it was exciting to re-stumble upon the life of an incredible woman, Gene Stratton-Porter, when investigating local sites around my home in Indiana. I felt a connection with this woman just after reading about her online, so I knew I wanted to visit her cabin as soon as the weather warmed up.
Sure enough, April 1st, which happened to be the day her cabin at Wildflower Woods opened for tours, turned out to be the most beautiful day of the year so far. Eric and I ventured over to this historical site to learn more about the woman who...
...studied nature with a passion and worked to conserve the wild
...wrote several popular novels and turned many of them into movies
...photographed the world around her
...broke limiting gender stereotypes and became wildly successful
...made her career in northeast Indiana.
After sitting in the sun and watching the many birds flit among the trees around this site at Sylvan Lake, we took a tour of Gene-Stratton Porter's cabin and grounds, all of which she designed herself and purchased with her own earnings - certainly an accomplishment during a time when her husband had to write to the bank, telling them she had his permission to own land.
We learned that this spunky woman would put on her pants (quite the act of rebellion) and spend all day in nature, often with only her camera and notebook. With no zoom lens at her disposal, she would sit in a branch for hours near the nest of a bluebird until it got used to her and carefully snap a close-up.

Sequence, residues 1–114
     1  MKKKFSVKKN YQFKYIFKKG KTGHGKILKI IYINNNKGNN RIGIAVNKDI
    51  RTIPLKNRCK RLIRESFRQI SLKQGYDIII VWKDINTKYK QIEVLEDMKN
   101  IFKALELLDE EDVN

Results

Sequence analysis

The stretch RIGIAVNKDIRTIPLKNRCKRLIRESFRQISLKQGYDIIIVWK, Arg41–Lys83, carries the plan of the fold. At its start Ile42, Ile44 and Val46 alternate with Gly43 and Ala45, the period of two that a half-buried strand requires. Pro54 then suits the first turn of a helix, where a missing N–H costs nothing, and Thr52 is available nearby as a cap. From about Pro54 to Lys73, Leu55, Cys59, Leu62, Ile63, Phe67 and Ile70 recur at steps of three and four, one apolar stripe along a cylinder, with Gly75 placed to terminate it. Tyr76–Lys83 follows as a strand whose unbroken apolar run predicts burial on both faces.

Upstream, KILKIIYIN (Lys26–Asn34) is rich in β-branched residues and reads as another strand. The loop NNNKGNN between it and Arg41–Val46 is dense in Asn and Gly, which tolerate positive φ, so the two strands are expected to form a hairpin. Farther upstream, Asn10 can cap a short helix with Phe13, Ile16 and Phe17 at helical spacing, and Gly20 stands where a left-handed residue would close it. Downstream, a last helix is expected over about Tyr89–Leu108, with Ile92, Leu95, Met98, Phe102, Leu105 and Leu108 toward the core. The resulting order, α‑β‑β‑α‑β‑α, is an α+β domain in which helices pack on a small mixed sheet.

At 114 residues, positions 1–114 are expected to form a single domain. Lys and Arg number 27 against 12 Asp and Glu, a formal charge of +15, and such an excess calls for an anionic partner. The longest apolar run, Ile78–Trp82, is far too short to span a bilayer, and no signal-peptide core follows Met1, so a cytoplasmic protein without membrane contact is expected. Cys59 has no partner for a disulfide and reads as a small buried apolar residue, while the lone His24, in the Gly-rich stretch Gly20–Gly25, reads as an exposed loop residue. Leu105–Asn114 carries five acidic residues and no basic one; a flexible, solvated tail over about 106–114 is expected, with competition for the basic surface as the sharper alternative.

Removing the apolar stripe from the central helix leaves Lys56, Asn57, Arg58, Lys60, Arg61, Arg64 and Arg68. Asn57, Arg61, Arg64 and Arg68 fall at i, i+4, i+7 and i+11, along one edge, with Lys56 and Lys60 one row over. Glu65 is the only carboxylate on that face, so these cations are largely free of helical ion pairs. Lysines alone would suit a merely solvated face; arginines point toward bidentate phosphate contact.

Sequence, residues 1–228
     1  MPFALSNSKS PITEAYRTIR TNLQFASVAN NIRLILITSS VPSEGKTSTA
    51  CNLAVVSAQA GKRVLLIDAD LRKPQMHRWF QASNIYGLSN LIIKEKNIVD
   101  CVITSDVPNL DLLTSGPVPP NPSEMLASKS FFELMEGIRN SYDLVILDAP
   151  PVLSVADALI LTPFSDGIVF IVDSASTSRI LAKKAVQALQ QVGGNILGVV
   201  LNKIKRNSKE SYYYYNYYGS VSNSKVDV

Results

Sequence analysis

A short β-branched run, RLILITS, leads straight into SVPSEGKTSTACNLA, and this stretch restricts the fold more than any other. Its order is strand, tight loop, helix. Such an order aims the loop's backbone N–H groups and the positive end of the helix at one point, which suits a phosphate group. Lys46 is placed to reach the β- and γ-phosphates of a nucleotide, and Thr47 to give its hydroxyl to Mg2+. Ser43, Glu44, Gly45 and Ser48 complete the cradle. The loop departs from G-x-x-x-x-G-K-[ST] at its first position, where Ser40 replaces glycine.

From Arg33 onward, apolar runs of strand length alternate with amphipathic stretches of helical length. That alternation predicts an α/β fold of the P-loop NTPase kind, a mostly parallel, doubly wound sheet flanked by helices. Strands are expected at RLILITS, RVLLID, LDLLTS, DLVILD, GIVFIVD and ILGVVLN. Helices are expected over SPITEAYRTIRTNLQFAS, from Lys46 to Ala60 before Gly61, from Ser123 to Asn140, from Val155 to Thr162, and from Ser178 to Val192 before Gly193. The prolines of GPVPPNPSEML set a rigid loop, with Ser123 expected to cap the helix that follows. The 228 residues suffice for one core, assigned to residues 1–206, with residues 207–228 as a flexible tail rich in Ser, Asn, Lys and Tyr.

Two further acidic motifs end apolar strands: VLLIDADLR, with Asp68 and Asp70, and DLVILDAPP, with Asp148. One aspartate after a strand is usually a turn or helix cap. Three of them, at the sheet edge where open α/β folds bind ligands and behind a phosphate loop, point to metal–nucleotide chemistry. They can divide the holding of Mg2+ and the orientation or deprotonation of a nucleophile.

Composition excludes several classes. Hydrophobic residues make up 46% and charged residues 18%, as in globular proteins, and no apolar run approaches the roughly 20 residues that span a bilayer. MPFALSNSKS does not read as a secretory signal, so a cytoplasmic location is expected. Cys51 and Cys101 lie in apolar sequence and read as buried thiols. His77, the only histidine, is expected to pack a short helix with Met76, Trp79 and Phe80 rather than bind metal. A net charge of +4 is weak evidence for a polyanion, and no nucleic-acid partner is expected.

Gene Stratton-Porter wrote 12 novels in her lifetime, many which still inspire today's writers and readers. Weaving compelling stories and characters together with nature and the environment, her style reminds me much of Barbara Kingsolver, one of my favorite contemporary novelists. In fact, J. K. Rowling, author of the Harry Potter series, listed GSP as one of her best inspirations.
Her true love, however, was writing nature studies. Knowing that her novels were much more popular and lucrative than nature studies, she eventually made a deal with her publisher to let her write one study for every novel, and so she completed 9, in addition to other poetry and essays.
Her novels became so popular that Hollywood wanted to turn many of them into movies, but Gene couldn't stand the thought of her stories being misrepresented, so she moved out to Hollywood herself and became one of the first women owners of a movie production company. Her most popular book, A Girl of the Limberlost, has now been turned into a movie 4 times.
It's funny how we are often unaware of the places of interest in our own area. I vaguely remembered this place from a time I came with my sister's Girl Scout troop when I was very young, but I had never thought of visiting since then. I am so glad we made the effort to explore the cabin, grounds, and life of Gene Stratton-Porter. I walked away with a book tucked under my arm that I can't wait to read and a whole lot of inspiration from this creative, confident, inspiring woman.
Are there any sites in your area that you may have overlooked, but just might love visiting?